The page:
28. 28. Compounding the problem is the factthat digital literacy - especiallyamong our youth - is trying to catchup with the rate of usage.
  29. 29. Usage is alsoproblematic forthe industry ingeneralbecause themost activeusers of“free” arethose withthe highestdiscretionaryincomes.
  30. 30. Profile of a digital pirate. Gunther Sonnenfeld 2011
  31. 31. Pirates don’t have real profiles. They exhibit characteristics without a distinct social identity. The digital pirate is a chameleon. A hacker. An unknown. His rationale: Catch me if you can. Our rationale: Let’s be a part of the chase. And then make it our own.
  32. 32. Piracy is a self-organizingmovement. Arguably, one of innovation.
  33. 33. (HOWEVER) “INNOVATION” CAN MEAN: HACKINGPARTICIPATORY STORYTELLING MEME CREATION PRODUCT DEVELOPMENT APP DEVELOPMENT ENCODING APPROACHES POLICY CO-CREATION MOBILITY
  34. 34. So, if ideas can’t always be owned... ... Then we’re solving an IP challenge. With our fan bases.
  35. 35. In other words... We have a chance to remake digital history. How cool is that?
  36. 36. Key insights: Piracy is presented as a false dichotomy between theft & copying; it’s actually about the desire for connection, not ownership. Once people connect, they’re compelled to co-create, share, mix, or remix. The remix culture is very real, and very active. This culture begs for structure - not so much of the legal or corporate sort, but towards social rules. Game dynamics. Anti-piracy, in and of itself, is an emerging market .
  37. 37. Do what remixers do. Findsomething to remix.
  38. 38. Cool examples of remixes...
  39. 39. Best in class.
  40. 40. A remixing phenomenon that Warner Bros. supported to generate fan activity around the franchise, around the release of “The Dark Knight.” It became a viral meme that generated 10M downloads, and produced hundredsof remixes, even across other media franchises. Awareness around the movie and its licensed properties was unprecedented (even if some of the material was “lifted”... But you get the point).
  41. 41. Lance Weiler’s “Pandemic 1.0”- Sundance 2011 [a phenomenal participatory storytelling, social experiment]
  42. 42. [Tim Kring’s “Conspiracy For Good” - 500K+ downloads, 5KBest in class. dedicated participants, unlimited spread] This was a Nokia-supported initiative that had people becoming activists around a conspiracy to do good. It was by far the most successful mobile “marketing campaign” ever.
  43. 43. In paid media.
  44. 44. Key components. STORY CONSPIRACY DISCOVERY DEADLINES ELITE MEMBERSHIP ACCREDITATION A HIGHER PURPOSE SOCIAL REWARD
  45. 45. The best way to influence thinking and change future behavior is exactly the same: to not scold, wag a finger or talk down to THE POSITIONING: the remix set. Rather, it’s best to sway educate and connect with a confident sense of right over wrong and with a bold sense of humor. But just as importantly, we“We must offer must offer a solution -- something that willa solution - inform people where to go and enable them to do the right thing. To go from beingsomething that entitled, to being enlightened. It’s notwill inform enough to simply tell people what not to do; we need to ask them to do somethingpeople where to different. For this, the simplest, most cost-go and enable effective solution is to create an immersivethem to do the experience. This experience would offer not only a list of the legal sites to downloadright thing. To and stream, but also: engaging answers togo from being questions, an open forum to exchangeentitled, to thoughts and ideas, interactive games, plus other shareable content. So the “platform”being would be cool, fun to navigate and notenlightened.” seemingly self-serving and dry. It should be accessible through any device someone wants to use.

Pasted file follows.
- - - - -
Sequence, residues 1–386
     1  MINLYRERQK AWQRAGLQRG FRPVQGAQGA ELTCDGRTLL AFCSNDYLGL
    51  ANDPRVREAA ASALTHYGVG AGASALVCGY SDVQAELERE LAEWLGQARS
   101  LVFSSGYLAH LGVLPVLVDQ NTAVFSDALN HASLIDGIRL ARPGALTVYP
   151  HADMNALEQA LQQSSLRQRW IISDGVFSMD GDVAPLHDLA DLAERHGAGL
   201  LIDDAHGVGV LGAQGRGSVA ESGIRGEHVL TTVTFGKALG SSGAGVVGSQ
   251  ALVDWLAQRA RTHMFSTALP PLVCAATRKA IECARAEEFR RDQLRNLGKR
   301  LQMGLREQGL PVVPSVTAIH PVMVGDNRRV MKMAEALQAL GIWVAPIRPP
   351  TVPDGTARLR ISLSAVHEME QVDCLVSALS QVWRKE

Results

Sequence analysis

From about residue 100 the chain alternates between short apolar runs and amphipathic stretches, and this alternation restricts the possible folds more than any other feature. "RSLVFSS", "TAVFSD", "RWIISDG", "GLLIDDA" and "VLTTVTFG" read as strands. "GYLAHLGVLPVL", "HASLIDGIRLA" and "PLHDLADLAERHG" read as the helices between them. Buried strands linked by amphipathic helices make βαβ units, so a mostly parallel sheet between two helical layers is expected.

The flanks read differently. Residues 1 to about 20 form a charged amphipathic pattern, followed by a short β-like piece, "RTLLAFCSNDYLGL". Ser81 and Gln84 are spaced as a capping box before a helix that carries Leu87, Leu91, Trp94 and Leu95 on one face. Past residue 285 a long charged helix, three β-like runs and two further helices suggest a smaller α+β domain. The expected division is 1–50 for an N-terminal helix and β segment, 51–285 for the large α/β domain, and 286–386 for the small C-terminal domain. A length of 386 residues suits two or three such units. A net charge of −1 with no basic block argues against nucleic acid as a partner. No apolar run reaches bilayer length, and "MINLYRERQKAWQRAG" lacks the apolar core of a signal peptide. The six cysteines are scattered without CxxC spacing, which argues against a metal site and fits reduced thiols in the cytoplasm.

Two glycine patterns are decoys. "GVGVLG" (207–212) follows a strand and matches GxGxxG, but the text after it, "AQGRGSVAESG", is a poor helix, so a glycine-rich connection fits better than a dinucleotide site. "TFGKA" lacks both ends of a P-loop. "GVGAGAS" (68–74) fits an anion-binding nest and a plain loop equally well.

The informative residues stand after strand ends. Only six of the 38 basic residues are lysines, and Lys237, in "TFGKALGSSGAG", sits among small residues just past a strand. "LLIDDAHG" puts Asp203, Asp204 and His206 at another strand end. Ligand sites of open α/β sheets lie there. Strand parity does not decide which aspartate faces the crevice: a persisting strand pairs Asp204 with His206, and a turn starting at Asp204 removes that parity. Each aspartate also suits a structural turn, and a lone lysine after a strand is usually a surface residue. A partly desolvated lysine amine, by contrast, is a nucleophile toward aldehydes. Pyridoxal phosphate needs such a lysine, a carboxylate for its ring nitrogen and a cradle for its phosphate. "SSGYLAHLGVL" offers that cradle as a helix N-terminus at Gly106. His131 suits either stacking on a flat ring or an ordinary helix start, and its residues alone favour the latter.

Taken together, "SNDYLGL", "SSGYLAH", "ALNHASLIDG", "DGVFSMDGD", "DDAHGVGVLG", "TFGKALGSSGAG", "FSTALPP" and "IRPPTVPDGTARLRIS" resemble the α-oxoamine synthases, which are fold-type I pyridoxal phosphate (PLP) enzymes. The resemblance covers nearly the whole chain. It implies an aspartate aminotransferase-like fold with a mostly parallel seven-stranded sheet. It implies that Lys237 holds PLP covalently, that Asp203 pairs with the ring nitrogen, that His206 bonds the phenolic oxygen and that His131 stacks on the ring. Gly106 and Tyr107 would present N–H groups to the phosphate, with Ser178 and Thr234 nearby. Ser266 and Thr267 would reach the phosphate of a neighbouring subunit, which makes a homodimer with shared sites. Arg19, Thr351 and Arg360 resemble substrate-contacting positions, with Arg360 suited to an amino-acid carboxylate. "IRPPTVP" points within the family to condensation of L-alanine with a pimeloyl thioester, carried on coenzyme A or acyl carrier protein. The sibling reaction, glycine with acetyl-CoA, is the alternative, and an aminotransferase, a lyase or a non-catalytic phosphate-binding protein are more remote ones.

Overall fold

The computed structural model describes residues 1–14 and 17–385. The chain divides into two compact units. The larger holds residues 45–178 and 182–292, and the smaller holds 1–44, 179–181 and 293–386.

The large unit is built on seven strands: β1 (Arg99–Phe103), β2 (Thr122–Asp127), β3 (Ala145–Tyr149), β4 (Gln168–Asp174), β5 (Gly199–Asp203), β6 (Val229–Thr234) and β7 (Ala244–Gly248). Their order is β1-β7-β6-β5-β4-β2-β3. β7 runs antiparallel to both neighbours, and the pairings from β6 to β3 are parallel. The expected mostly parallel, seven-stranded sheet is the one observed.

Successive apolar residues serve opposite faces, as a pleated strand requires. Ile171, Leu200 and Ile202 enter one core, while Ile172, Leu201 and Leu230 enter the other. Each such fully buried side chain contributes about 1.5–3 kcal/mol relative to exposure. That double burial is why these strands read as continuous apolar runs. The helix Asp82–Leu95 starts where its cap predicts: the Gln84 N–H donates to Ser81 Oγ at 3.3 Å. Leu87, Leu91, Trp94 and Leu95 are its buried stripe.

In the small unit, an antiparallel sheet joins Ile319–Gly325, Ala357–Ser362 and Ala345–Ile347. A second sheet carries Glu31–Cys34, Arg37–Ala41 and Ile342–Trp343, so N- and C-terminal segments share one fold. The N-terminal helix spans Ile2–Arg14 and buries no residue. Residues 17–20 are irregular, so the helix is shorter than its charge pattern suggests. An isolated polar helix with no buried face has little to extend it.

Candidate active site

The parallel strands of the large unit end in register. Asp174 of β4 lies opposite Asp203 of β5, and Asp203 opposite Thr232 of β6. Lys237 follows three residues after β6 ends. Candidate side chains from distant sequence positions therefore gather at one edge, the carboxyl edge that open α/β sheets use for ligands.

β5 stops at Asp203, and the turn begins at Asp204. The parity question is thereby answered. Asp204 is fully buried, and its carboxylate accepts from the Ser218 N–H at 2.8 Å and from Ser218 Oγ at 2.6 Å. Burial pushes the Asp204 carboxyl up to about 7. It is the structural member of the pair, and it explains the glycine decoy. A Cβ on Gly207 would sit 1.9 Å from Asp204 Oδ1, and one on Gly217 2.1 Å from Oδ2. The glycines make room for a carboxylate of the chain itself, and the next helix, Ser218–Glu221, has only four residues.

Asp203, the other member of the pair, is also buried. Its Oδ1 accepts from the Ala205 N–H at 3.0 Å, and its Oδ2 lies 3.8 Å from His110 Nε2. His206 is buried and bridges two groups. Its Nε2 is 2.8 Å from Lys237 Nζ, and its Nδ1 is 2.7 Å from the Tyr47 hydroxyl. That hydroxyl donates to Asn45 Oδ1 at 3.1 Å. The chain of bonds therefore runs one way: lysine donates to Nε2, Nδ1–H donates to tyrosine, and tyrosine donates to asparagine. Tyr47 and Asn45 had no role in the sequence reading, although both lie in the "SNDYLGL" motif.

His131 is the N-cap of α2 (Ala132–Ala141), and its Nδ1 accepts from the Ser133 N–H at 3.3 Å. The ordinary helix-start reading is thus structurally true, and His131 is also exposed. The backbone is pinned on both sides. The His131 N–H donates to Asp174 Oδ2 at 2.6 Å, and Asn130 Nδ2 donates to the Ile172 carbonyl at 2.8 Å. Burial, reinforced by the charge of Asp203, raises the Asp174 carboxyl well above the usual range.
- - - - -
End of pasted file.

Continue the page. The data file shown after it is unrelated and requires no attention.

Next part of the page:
46. 46. GOALS 1. Inform people on what piracy actually is, or could be. 2. Introduce them to, and immerse them in, the associated behaviors. 3. Change their attitudes & behaviors such that they become anti-piracy advocates... For the long haul.
  47. 47. Think of this ‘platform’ as a grand social experiment that gives us purview into user behavior. Ideally, new audiences will emerge from our communication touch-points, and those created through the ‘earning’ of the media on offer.Segmentationopportunities abound:fan types, nichecommunities, captiveaudiences, etc. Money that’s been left on the table for years will now be recaptured.
  48. 48. Let’s tap into online movements. Movie aficionados have a decent digital literacy; they can share, and in some cases, remix content. MOVIE COMMUNITIES Many them are aspiring filmmakers, so they also produce a fair amount of original content. Their opinions have a sweeping network effect - in fact, most movie reviewers defer to the forums where these folks are having lengthy exchanges. Subgroups, or “tribes”, are widely varied but also very interconnected. Most important, they are all affected by, or contributing to, pirated activities. TRIBES: GENRE PARANORMAL PRODUCTION DESIGN[source: eCairn Conversation - a unique social media mining tool; sample set: 400 interconnected influencer groups WRITER & several hundred thousand conversations]